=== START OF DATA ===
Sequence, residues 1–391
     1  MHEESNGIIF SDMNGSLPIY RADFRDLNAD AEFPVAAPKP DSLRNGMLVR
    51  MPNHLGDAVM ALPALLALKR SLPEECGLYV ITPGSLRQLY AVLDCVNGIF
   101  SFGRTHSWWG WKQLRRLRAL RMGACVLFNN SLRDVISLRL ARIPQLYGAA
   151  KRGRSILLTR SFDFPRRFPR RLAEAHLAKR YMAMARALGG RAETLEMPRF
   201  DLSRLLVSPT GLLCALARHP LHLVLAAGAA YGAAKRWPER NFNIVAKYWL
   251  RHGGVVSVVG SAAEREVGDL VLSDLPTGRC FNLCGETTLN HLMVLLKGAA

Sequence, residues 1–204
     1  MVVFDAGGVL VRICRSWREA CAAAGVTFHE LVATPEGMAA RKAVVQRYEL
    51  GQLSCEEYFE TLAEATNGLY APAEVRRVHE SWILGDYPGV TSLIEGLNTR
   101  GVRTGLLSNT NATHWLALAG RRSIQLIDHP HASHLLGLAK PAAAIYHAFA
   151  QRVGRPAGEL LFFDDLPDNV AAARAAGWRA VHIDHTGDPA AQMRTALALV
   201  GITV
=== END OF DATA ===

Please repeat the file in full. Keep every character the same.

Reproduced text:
Sequence, residues 1–391
     1  MHEESNGIIF SDMNGSLPIY RADFRDLNAD AEFPVAAPKP DSLRNGMLVR
    51  MPNHLGDAVM ALPALLALKR SLPEECGLYV ITPGSLRQLY AVLDCVNGIF
   101  SFGRTHSWWG WKQLRRLRAL RMGACVLFNN SLRDVISLRL ARIPQLYGAA
   151  KRGRSILLTR SFDFPRRFPR RLAEAHLAKR YMAMARALGG RAETLEMPRF
   201  DLSRLLVSPT GLLCALARHP LHLVLAAGAA YGAAKRWPER NFNIVAKYWL
   251  RHGGVVSVVG SAAEREVGDL VLSDLPTGRC FNLCGETTLN HLMVLLKGAA

Sequence, residues 1–204
     1  MVVFDAGGVL VRICRSWREA CAAAGVTFHE LVATPEGMAA RKAVVQRYEL
    51  GQLSCEEYFE TLAEATNGLY APAEVRRVHE SWILGDYPGV TSLIEGLNTR
   101  GVRTGLLSNT NATHWLALAG RRSIQLIDHP HASHLLGLAK PAAAIYHAFA
   151  QRVGRPAGEL LFFDDLPDNV AAARAAGWRA VHIDHTGDPA AQMRTALALV
   201  GITV